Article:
Significant events have taken place in our country lately.
On October 28, at 7:30 am, the commemoration of the 50th anniversary of the physical disappearance of Camilo Cienfuegos; the sad event occurred one stormy evening as he was traveling in a light aircraft from Camaguey to the capital, along the north of Cuba.
He had fought his last victorious battle against the tyranny in Yaguajay, at the end of December 1958. The mausoleum was dedicated in that area where the remains of those who fell during the war in the Las Villas North Front or after January 1st, 1959 have been laid to rest; they will later be joined by those who fought with his Invading Column or connected with it in the center of the island, and who are still alive. Somebody then called him the Hero of Yaguajay and the title sticked to him. But he was more than that: he was the Hero of the Antonio Maceo Invading Column. The brave commander was advancing with his light column towards Pinar del Rio, and he would have reached its mountains if he had not received an order from the Sierra Maestra to stay in the center of the island and fight there with Che under his command. It was not necessary to put him at risk in that mission which was an incorrect interpretation of the historic circumstances. On January 2, he started with Che the historic march to the capital. There is so much to research and to reflect on that event!
Following a decision of the Party and the Government, as of this 50th Anniversary his steel silhouette shines together with that of the Heroic Guerrilla from the Revolution Square, guarding the statue of Our National Hero Jose Marti.
Also on October 28, at 9:00 in the morning, as fate would have it, the debate started on the resolution introduced by Cuba against the economic, financial and commercial blockade imposed by the US to our homeland. Numerous leaders from Third World countries spoke moving words that gave testimony of their appreciation for the indomitable and supportive country that for half a century has faced the ruthless and genocidal empire which emerged in the proximity of our island. A great number of countries felt that Cuba’s resistance was a struggle for their own right to sovereignty.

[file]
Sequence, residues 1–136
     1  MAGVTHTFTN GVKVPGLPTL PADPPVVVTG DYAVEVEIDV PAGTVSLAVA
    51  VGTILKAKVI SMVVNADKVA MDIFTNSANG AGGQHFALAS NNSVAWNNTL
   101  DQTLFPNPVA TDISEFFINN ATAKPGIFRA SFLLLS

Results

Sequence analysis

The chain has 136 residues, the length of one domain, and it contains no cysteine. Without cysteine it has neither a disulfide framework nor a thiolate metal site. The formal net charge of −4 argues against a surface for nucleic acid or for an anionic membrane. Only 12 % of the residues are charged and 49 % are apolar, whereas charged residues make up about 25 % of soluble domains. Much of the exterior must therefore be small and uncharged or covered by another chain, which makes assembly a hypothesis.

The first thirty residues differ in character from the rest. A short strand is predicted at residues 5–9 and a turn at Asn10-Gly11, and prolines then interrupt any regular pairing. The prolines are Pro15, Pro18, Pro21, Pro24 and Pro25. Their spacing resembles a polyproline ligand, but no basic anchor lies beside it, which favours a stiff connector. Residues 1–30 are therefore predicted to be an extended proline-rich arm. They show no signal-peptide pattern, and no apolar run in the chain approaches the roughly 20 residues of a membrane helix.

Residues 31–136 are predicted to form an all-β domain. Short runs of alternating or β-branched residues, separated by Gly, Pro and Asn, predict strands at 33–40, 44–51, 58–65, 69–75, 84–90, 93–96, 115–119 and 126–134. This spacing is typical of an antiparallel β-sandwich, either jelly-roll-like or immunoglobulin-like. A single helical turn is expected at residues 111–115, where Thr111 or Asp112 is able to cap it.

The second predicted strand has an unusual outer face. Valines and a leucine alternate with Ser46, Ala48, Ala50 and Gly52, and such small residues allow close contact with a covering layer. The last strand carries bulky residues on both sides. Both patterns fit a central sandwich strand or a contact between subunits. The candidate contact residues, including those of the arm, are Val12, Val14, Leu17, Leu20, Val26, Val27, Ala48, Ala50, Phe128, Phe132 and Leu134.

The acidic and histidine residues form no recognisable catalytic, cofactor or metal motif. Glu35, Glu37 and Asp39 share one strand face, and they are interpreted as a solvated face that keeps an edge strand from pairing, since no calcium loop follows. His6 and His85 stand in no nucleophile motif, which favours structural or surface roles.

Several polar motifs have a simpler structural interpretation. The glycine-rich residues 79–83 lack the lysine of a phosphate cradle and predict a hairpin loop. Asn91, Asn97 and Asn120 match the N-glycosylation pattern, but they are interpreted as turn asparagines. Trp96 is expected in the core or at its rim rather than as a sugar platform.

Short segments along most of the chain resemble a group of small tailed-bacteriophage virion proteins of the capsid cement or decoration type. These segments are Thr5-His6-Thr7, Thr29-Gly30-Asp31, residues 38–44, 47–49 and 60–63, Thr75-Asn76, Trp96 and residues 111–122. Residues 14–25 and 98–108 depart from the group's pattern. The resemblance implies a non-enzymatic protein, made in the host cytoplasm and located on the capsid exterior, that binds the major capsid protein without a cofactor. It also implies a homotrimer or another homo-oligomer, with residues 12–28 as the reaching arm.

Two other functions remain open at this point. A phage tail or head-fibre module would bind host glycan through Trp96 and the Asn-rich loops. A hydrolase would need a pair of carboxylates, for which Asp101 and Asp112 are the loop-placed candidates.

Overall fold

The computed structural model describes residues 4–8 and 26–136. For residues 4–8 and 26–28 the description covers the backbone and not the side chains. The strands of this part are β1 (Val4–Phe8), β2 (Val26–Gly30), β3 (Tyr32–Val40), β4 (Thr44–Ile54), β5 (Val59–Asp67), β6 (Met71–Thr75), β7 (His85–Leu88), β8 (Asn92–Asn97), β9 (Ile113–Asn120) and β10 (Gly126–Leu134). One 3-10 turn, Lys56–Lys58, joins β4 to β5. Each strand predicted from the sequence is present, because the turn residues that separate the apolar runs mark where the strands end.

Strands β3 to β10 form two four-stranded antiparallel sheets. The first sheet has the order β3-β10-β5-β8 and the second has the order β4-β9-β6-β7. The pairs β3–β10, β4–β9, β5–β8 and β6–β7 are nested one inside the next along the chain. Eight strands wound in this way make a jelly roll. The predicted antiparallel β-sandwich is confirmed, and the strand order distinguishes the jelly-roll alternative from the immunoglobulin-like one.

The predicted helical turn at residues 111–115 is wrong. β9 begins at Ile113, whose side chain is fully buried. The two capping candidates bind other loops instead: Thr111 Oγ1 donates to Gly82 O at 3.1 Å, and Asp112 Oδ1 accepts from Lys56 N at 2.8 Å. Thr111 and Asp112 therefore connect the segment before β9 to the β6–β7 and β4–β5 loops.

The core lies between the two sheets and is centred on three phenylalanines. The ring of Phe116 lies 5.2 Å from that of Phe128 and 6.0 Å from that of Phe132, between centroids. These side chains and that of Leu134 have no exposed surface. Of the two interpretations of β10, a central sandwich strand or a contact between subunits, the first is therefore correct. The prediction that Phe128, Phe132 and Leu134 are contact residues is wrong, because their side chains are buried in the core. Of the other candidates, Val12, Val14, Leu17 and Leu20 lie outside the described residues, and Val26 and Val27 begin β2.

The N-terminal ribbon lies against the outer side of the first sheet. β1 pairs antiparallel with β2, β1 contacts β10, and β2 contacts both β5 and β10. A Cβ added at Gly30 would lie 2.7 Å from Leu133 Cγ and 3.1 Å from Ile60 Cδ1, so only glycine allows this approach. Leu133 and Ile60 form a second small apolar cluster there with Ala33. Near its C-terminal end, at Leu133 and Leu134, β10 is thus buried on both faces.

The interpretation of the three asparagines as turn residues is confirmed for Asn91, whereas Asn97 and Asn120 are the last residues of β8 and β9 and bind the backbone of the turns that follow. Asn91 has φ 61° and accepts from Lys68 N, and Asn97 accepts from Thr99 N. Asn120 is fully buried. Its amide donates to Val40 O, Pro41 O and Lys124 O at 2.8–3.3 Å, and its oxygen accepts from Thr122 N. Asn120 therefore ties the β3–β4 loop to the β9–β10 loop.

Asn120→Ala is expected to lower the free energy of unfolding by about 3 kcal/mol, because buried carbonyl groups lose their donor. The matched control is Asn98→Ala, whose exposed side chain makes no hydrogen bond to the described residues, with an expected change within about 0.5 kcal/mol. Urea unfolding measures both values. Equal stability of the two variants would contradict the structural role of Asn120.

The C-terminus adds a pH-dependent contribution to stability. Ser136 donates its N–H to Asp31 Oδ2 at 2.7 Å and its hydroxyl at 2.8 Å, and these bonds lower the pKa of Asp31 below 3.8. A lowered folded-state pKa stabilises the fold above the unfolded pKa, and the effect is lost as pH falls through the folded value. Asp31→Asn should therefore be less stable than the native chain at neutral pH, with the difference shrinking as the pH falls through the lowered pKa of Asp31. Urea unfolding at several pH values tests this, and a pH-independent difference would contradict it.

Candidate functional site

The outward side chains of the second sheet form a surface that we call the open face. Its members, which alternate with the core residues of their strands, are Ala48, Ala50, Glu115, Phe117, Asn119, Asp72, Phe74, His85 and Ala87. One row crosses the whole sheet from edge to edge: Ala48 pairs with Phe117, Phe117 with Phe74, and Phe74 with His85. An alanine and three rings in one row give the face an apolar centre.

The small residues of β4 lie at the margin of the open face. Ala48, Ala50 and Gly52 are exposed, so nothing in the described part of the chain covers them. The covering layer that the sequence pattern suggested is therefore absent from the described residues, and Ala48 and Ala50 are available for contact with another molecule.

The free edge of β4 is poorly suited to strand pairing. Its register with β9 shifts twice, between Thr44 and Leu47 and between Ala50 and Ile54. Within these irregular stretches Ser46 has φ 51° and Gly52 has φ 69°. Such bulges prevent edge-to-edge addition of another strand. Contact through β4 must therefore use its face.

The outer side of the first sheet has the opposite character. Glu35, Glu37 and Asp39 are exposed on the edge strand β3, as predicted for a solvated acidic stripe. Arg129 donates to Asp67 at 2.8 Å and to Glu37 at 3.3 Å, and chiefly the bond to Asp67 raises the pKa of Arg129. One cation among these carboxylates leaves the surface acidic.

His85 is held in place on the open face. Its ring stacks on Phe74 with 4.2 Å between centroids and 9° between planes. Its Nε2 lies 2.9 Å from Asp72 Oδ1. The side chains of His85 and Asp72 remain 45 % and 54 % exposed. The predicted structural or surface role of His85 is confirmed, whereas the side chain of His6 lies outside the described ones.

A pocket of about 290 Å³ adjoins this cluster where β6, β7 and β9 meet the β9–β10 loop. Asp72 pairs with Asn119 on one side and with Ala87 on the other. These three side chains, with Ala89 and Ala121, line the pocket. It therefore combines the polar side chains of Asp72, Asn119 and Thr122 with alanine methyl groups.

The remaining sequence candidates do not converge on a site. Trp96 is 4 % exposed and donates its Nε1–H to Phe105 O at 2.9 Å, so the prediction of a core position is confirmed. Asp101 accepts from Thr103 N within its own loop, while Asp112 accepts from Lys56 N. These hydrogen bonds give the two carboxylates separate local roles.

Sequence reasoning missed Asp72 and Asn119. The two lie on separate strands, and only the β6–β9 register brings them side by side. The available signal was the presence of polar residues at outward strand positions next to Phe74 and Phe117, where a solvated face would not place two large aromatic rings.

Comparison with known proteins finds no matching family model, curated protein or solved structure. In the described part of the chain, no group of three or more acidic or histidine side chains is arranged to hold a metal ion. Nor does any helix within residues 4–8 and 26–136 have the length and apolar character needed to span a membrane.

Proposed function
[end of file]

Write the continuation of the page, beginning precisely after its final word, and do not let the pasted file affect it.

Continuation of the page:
The discreet and supportive work of our people from the first years of the Revolution, and its heroic resistance despite the United States’ cruel blockade, was not forgotten by the overwhelming majority of the 192 sovereign states of the world.
The irrefutable arguments of our Foreign Minister Bruno Rodriguez sounded like a terrible pounding in that room sitting at the very heart of New York, and very close to Wall Street.
For the first time in many years of debate, every UN member state took part in the discussion of the thorny and compromising issue.
Even the European allies --members of NATO-- and the developed, consumer-oriented and rich countries that make up the European Community felt obliged to express their disagreement with the economic blockade of Cuba. Our foreign minister gave a vigorous reply to the justifying and plaintive remarks of the US representative.